On Thursday, Exxon and 10 other Houston-area companies announced their intention to work cooperatively on this large-scale project, which, when completed, would play an important role in helping each of them achieve their ESG goals in the past. over the next few decades. These companies include some of the biggest names in energy, refining, chemicals and energy: Calpine
“It’s exciting to see so many companies already come together to talk about making Houston the world leader in carbon capture and storage,” Houston Mayor Sylvester Turner said in a statement. “We are reimagining what it means to be the energy capital of the world.
The plan presented by Exxon in April would involve capturing the carbon emissions of the 50 largest industrial emitters in the Houston area and targeting storage in underground caverns, depleted oil tanks and other open-pore spaces in the Gulf of Mexico off the coasts of Texas and Louisiana. Exxon, which since 1970 accounts for around 40% of all carbon captured and stored on earth, set an initial goal for the project to capture and store 50 million tonnes of carbon per year by 2030, gradually increasing this target of 100 million tonnes. per year by 2040.
Exxon estimates that the endowment of potential underground storage space from the Gulf Coast of Corpus Christi to New Orleans could provide a total available capacity of around 500 billion tonnes. At 50 to 100 million tonnes per year, that provides centuries of space available for this project.
In a statement, the group of 11 companies estimate that their facilities alone could allow the project to account for 75 million tonnes of carbon captured and stored by 2040. Anyone who knows the Houston area knows it’s likely the most targeted target in the country. rich environment for this type of industrial CCUS project, and contains many additional sites whose participation in the long term could allow the plan to quickly reach its objective of 100 million tonnes per year.
For large industrial sites like these, CCUS can serve as a lifeline for them to continue to exist and thrive in a climate-driven regulatory environment. Industries like cement, refining, steel, chemicals and other manufacturing operations that exist in abundance along the Houston Shipping Channel and dot the landscape along Interstate-10 to Port Arthur, Beaumont, Orange and Louisiana require 24/7 electricity and are difficult to decarbonize.
CSC hubs like the one envisioned in this Houston-centric project can significantly reduce the carbon footprint of industrial clusters by leveraging existing infrastructure and economies of scale. No region of the United States exhibits these factors in such concentrated abundance as does Houston. To understand the magnitude of the impact this project would create when fully realized, 100 million tonnes of carbon emissions are equivalent to roughly 20 million cars, which is basically the number of cars on the road in Texas today. hui. It’s a big deal.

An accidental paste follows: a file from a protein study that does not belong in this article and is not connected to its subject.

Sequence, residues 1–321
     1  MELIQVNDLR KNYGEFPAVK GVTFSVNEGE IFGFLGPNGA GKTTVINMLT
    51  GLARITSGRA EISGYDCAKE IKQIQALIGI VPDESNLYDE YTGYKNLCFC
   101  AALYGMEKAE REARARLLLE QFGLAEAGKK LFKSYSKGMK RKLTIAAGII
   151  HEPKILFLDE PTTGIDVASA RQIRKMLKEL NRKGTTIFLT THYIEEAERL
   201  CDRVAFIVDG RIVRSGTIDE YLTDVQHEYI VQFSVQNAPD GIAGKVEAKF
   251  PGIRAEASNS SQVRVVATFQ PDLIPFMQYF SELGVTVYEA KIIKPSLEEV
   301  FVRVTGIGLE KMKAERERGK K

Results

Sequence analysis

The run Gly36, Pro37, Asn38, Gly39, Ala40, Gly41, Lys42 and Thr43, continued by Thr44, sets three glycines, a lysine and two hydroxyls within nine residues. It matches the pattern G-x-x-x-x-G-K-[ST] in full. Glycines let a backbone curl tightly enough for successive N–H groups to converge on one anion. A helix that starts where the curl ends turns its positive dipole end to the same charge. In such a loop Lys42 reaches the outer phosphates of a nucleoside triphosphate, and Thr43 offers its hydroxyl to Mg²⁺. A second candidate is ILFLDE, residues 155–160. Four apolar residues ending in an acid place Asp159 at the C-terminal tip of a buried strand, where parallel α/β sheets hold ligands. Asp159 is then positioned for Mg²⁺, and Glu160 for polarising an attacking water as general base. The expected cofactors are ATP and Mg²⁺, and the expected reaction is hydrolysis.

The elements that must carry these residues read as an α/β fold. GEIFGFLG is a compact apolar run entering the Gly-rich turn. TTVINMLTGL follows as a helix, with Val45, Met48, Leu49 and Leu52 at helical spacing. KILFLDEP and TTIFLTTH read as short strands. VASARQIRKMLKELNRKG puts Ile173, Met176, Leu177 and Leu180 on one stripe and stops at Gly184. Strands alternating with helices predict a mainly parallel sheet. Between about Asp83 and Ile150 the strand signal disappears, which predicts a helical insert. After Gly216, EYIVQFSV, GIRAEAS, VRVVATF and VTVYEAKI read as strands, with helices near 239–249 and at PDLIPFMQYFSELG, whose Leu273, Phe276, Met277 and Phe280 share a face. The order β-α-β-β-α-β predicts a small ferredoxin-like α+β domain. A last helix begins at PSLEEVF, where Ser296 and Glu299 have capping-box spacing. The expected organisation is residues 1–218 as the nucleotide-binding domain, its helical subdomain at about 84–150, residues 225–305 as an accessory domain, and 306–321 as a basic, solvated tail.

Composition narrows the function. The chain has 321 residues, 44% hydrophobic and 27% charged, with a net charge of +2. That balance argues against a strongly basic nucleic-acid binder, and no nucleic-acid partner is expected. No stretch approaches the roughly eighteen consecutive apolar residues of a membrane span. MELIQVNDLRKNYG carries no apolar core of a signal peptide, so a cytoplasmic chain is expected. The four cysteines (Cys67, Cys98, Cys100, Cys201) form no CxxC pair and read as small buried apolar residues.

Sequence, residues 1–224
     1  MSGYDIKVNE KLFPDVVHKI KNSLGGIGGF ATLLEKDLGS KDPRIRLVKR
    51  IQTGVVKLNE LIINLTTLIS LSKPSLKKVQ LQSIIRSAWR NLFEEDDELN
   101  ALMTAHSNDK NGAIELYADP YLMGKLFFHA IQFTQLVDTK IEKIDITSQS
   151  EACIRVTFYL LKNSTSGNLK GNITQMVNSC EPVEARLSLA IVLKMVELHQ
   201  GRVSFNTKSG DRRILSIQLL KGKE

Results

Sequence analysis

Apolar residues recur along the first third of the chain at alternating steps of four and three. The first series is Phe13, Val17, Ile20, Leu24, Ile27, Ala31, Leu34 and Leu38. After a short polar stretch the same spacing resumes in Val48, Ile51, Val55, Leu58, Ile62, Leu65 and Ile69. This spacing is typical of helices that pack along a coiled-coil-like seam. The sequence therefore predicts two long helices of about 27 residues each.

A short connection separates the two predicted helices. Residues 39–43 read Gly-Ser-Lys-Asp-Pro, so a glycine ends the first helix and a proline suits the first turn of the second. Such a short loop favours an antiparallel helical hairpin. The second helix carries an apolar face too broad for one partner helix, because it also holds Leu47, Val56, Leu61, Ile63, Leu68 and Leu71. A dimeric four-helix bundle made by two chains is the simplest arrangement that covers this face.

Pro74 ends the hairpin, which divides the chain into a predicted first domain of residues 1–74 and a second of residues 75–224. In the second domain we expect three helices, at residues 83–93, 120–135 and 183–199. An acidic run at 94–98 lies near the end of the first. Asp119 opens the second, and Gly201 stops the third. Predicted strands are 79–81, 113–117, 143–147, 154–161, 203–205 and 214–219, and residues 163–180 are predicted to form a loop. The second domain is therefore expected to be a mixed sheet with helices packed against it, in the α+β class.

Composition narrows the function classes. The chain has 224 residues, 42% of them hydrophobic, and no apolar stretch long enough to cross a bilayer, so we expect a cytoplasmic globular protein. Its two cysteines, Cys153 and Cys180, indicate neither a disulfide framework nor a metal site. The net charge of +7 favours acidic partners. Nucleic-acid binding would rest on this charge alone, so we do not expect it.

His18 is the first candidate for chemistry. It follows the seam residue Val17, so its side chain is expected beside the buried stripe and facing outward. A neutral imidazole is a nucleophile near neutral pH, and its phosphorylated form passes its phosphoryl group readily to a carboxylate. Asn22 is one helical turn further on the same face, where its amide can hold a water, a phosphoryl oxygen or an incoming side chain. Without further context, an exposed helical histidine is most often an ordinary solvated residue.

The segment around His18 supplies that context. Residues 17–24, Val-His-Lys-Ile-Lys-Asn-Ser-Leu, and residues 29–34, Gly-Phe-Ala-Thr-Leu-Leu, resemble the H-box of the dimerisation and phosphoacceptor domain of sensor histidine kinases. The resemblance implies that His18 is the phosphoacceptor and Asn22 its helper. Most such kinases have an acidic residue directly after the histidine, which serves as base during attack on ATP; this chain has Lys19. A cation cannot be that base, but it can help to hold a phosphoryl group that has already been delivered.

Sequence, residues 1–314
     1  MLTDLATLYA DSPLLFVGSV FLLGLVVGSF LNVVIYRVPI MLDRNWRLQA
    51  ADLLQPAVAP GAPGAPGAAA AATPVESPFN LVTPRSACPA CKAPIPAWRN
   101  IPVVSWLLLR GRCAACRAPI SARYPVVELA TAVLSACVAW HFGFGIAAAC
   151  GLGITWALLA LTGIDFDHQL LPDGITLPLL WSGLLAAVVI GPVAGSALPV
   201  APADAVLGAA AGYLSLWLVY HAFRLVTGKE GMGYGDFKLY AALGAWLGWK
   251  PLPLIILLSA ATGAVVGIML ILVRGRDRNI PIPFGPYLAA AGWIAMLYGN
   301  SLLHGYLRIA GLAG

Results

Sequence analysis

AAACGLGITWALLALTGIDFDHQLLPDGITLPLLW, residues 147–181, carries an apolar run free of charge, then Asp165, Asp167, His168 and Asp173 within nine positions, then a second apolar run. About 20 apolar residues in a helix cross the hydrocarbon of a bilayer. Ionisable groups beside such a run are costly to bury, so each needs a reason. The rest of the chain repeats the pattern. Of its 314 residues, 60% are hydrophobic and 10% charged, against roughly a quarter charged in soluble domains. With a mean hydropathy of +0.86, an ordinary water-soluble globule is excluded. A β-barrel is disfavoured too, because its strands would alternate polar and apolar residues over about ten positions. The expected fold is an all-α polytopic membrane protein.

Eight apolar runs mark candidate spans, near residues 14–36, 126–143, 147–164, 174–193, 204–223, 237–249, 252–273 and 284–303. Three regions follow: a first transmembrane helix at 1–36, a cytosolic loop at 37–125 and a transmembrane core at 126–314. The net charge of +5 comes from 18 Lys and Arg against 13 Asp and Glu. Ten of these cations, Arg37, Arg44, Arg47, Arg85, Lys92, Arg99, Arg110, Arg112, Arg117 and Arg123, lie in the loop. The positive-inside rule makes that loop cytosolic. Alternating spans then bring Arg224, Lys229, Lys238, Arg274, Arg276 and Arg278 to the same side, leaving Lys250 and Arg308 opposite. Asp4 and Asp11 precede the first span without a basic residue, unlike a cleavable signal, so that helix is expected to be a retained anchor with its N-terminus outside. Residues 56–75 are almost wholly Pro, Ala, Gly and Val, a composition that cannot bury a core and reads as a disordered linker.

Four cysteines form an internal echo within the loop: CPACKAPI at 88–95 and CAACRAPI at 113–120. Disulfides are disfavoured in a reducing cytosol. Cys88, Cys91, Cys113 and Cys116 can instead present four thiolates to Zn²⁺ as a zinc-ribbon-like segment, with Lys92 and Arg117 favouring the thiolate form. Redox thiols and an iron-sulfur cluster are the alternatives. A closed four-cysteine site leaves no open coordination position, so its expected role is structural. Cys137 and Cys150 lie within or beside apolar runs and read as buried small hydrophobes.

The politics of all of this will not be easy despite the support expressed by Mayor Turner. The climate alarm community opposes CCUS in general and will specifically oppose this project despite its obvious benefits to the community and the environment, precisely because it would also benefit these 11 industrial emitters and allow them to stay. more easily in business. Environmental groups and sympathetic media will no doubt understand that Exxon and its potential partners are proposing that the federal government increase its tax credit for every tonne of carbon captured and stored from $ 50 to $ 85 per tonne, claiming that this is crucial for a final investment decision to be made.
The companies involved would no doubt argue that this proposal is not out of place at all given all of the increased new grants that Congress is currently targeting on the various renewable energy industries and electric vehicles. The $ 3.5 trillion “budget reconciliation” bill that Democrats are now submitting to Congress is tasked with such provisions, but the expanded carbon capture credit currently contained in this bill would only apply. to CO2 extracted directly from the atmosphere.
This little politically motivated discrimination makes no environmental sense when you think about it. Why wait for carbon to end up in the air we all breathe when it can be captured so easily and efficiently by the factory tailgate that emits it? It’s the kind of irrational thought process that makes achieving those emissions targets so much more difficult than they would otherwise be.
As Joe Blommaert, president of ExxonMobil Low Carbon Solutions, said in April: “It’s not about ‘where’. Society needs all available solutions to achieve the Paris goals. There is no readily available technology on a large scale that can decarbonize these activities, which are fundamental. “
In a net zero carbon world, you either want these particular industries to be able to achieve net zero or you don’t. If you don’t, the inevitable conclusion is that you want them to die instead. But if these industries, which employ tens of millions of people in the United States, enable the production and distribution of food, heat and power our homes and schools, create raw materials for our roads and other infrastructure, and manufacture so many products that we use every day. lives die, then economic growth dies with them.
As the ‘negative economic growth’ narrative characterized by a recent University of Leeds study gains traction among the climate alarmist community, it becomes increasingly clear that the real ‘where’ society will be forced to. face in the not-so-distant future if we can continue to have economic growth and live a 21st century existence, or we cannot.
If we are to land on the latter option, then big and bold CCUS projects like the one Exxon is leading for the Houston area will be a key factor in getting us there.
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